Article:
Holistic thinking for further sustainable development
“A challenge in the development of 6G technology is that we must think in a much more holistic way”, says Tommy Svensson. “It is no longer a matter of inventing isolated smart functions, rather the design of a whole entity where there are built-in control systems directing how the technology is allowed to be used for the benefit of society and in the best interest of the individual. Aspects of sustainability, environmental considerations, democracy, inclusion and integrity must therefore be integrated into the communication systems, now being developed by researchers and the telecom industry.”
“I think life cycle analyses will be an interesting tool to assess the sustainability of 6G systems. In that way, we can not only understand what important design requirements should be set for 6G, but also analyze the benefits of 6G for digitization of completely new areas”, says Tommy Svensson.
Text: Yvonne Jonsson
Portrait photo: Anna-Lena Lundqvist
Other images: Hexa-X
The Hexa-X project aims to connect our human world of intelligence and values, with the digital world of information and a physical world of processes.
Six research challenges to lay the technical foundation for 6G wireless systems:
- Connecting intelligence: Artificial intelligenceI/Machine Learning technologies need to be a vital and trusted tool for significantly improved efficiency and service experience, serving humans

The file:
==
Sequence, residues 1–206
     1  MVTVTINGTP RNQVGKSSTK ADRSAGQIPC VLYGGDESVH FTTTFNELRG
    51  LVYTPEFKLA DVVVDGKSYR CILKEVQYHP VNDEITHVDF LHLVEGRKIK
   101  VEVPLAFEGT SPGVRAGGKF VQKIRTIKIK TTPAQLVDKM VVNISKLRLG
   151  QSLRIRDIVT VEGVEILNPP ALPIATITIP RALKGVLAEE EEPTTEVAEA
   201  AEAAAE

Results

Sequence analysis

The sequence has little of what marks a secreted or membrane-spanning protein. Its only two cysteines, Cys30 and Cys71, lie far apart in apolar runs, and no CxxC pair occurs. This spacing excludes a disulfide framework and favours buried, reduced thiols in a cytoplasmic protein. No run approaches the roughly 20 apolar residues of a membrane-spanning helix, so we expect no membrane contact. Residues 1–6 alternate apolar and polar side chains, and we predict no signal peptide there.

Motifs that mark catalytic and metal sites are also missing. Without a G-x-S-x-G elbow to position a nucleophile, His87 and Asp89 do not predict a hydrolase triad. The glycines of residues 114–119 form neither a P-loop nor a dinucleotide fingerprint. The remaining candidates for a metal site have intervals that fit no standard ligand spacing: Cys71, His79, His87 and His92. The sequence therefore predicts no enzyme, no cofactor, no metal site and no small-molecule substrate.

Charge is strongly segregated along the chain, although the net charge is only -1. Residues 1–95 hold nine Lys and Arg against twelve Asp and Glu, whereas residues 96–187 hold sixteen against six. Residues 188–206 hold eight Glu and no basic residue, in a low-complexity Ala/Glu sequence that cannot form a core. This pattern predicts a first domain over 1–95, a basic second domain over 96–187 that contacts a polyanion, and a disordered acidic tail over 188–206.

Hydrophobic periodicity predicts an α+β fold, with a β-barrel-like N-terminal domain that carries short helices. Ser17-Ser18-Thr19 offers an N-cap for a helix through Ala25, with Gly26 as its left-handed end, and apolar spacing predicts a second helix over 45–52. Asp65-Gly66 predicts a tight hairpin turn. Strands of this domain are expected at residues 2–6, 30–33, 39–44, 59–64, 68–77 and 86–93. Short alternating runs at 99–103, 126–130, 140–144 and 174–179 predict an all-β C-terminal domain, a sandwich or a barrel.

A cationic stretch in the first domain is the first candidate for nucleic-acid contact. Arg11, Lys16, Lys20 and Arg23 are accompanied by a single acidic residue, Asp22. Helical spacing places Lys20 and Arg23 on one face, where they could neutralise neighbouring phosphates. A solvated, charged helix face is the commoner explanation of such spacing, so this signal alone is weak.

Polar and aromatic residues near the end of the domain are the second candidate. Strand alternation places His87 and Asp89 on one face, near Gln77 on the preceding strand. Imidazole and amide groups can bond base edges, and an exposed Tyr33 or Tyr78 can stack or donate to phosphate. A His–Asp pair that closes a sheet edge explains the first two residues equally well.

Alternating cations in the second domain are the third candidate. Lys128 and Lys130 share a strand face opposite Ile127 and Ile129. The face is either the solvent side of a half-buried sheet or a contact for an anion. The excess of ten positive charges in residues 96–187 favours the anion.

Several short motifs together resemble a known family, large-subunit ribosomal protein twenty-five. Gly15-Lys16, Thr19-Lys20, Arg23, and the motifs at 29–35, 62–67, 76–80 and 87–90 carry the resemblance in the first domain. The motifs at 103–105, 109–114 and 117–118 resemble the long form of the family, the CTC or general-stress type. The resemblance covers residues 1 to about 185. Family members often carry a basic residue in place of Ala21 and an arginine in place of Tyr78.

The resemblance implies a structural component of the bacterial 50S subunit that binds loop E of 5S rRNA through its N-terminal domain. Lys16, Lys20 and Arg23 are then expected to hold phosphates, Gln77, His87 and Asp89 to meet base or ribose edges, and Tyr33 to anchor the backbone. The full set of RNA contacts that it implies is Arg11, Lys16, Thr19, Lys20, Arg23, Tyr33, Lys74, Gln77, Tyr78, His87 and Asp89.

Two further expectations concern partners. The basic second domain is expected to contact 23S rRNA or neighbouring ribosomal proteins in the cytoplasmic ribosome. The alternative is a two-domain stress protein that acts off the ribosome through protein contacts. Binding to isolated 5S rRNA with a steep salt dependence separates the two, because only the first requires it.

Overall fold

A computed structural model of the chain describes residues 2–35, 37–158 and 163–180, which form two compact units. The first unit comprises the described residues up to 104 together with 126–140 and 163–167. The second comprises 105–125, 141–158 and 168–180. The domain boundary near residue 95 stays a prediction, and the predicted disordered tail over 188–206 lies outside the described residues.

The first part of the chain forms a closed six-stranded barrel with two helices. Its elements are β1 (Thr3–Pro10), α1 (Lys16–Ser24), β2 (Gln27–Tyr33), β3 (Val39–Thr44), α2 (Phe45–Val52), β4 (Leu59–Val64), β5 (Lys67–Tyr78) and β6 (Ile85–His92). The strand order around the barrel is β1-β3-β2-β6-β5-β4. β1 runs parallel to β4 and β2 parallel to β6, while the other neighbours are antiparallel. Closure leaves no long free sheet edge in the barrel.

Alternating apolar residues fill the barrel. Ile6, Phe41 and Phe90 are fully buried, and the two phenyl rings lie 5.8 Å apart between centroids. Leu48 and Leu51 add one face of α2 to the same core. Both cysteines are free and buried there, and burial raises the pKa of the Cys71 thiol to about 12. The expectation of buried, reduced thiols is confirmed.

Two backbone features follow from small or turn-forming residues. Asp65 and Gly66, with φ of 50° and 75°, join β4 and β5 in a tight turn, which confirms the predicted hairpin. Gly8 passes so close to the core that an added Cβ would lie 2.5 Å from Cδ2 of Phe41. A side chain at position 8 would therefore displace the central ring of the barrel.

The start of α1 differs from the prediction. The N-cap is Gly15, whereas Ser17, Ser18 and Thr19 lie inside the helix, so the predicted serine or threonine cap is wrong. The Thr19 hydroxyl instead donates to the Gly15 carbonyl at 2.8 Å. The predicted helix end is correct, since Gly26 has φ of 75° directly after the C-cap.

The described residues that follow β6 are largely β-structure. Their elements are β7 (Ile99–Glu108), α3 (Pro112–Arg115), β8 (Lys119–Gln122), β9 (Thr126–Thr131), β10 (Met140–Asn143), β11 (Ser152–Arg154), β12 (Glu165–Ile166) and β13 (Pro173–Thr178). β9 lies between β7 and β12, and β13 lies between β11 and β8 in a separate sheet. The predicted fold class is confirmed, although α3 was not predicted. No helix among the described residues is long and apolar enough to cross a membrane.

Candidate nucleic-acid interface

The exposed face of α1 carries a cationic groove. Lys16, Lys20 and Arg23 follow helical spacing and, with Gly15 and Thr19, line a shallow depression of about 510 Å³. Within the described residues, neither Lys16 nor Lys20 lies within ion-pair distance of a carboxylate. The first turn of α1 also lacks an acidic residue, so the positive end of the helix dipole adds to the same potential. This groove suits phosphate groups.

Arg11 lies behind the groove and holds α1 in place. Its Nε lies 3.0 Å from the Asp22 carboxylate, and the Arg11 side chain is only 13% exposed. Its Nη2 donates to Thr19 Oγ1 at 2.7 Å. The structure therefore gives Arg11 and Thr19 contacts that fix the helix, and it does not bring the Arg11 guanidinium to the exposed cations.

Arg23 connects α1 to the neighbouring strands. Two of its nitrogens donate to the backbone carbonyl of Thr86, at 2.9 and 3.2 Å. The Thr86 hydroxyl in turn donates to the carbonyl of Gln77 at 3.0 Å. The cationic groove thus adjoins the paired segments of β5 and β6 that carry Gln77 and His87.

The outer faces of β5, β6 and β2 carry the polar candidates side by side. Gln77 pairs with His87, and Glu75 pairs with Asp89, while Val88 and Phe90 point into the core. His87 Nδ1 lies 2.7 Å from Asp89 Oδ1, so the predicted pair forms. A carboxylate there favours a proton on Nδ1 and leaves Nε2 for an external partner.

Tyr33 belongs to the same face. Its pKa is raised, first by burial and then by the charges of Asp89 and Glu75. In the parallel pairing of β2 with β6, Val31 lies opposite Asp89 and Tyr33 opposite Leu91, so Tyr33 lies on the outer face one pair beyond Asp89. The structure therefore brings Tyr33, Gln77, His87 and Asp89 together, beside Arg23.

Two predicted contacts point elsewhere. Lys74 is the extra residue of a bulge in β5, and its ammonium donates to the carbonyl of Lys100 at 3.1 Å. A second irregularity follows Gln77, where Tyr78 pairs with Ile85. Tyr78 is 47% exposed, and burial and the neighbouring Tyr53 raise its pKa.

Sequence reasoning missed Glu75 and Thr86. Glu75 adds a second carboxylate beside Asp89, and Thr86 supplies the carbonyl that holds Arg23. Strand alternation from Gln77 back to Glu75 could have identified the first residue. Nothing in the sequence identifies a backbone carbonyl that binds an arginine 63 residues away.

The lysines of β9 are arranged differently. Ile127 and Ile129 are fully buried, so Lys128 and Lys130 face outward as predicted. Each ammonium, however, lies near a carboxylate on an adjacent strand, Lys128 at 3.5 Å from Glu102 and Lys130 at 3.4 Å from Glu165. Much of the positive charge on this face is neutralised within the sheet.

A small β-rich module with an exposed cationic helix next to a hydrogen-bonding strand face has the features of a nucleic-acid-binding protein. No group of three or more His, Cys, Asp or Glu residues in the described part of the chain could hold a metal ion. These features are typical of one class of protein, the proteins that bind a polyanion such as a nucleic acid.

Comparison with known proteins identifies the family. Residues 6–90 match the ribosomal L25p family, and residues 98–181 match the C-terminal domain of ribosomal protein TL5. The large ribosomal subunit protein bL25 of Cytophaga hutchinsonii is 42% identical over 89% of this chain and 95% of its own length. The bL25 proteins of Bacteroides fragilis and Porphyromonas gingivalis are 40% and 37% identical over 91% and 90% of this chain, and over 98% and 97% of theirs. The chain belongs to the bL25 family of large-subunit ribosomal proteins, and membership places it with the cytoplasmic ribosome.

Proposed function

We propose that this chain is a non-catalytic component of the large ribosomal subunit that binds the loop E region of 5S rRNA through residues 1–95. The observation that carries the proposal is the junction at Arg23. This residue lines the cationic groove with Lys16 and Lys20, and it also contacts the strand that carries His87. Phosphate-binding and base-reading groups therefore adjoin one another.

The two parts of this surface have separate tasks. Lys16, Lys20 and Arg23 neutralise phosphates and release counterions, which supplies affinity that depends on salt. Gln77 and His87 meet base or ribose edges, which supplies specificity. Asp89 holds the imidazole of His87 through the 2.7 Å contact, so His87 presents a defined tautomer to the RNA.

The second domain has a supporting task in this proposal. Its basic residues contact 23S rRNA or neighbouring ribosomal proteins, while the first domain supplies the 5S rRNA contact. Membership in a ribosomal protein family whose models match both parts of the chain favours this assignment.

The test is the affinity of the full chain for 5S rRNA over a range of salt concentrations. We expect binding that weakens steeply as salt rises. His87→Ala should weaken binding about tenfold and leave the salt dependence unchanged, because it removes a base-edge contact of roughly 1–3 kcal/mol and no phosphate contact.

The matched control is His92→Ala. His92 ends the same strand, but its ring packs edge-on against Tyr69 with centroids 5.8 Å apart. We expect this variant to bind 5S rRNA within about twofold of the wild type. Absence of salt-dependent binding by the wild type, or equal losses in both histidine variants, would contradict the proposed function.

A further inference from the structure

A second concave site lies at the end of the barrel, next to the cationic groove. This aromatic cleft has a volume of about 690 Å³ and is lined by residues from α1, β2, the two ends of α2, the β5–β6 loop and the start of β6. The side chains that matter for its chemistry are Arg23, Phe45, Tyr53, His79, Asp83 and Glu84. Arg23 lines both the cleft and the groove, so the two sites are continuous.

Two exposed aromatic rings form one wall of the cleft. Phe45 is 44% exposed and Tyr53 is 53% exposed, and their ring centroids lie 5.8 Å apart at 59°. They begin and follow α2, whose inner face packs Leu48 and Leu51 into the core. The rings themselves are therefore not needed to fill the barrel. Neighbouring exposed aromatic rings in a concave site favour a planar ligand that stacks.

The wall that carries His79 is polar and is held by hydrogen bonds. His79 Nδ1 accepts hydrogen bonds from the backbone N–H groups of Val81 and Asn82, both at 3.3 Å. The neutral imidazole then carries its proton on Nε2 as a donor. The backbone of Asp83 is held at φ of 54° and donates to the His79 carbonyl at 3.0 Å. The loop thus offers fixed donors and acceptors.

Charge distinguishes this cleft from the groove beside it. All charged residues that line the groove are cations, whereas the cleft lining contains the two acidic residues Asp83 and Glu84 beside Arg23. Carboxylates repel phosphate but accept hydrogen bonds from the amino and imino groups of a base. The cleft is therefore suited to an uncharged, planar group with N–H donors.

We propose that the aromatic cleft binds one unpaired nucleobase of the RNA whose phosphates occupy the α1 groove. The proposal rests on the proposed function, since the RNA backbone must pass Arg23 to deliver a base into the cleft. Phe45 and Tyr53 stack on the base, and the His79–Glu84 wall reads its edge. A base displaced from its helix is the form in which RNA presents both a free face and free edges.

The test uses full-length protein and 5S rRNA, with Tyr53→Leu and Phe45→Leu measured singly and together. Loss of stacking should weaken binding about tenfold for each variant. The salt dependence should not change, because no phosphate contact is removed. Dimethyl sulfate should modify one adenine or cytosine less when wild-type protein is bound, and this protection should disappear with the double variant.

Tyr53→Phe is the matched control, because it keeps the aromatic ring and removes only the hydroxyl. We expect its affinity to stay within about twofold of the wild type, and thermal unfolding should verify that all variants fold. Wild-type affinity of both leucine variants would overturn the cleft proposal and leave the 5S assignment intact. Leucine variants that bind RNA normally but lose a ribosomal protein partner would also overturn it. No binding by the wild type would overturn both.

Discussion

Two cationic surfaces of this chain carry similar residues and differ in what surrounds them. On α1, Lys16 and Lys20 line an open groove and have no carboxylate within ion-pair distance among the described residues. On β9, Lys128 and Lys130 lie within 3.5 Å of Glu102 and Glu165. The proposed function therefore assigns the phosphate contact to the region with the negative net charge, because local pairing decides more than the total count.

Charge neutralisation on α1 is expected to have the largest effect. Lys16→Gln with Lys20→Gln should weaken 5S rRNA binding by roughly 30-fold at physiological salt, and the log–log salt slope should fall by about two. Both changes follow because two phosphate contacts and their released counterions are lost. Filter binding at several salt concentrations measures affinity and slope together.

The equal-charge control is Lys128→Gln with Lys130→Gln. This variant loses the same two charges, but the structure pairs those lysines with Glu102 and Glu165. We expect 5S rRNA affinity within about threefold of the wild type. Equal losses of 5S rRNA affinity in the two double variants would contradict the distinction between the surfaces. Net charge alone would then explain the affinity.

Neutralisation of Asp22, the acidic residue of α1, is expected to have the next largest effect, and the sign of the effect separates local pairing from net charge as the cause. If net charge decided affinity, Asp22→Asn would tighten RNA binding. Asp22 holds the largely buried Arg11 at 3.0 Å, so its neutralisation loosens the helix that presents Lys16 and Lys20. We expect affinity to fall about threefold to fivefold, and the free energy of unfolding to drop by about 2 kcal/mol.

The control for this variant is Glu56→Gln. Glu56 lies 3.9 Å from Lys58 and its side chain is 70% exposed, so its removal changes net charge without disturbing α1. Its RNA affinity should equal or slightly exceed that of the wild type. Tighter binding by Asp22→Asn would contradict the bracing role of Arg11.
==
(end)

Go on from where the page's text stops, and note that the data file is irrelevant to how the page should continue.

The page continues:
- Network of networks: multiple types of resources need to be aggregated to create a digital ecosystem that grows more and more capable, intelligent, and heterogeneous, eventually creating a single network of networks
- Sustainability: energy-optimized digital infrastructure for a reduced global ICT environmental footprint, as well as delivering effective and sustainable digitization tools for global industry, society and policymakers
- Global service coverage: efficient and affordable solutions for global service coverage, connecting remote places
- Extreme experience: extreme bitrates, extremely low (imperceptible) latencies, seemingly infinite capacity, and precision localization and sensing
- Trustworthiness: ensuring the confidentiality and integrity of communications and delivering data privacy, operational resilience and security
More about the Hexa-X project
The project brings together key industry stakeholders and academia in Europe to take the lead in advancing 6G. The Hexa-X project starts on 1 January 2021, with a planned duration of 2.5 years. The stakeholders represent the full value-chain of the communication industry, including research institutes and universities, such as Nokia, Ericsson, Intel, Orange, Qamcom and Siemens. From academia Chalmers and the universities of Helsinki (Aalto), Dresden, Kaiserslautern, Pisa, Turin and Oulu are participating.
For more information, contact
, coordinator of Hexa-X at Chalmers, and Professor in the Communication systems research group where he is leading the wireless systems research, at the Department of Electrical Engineering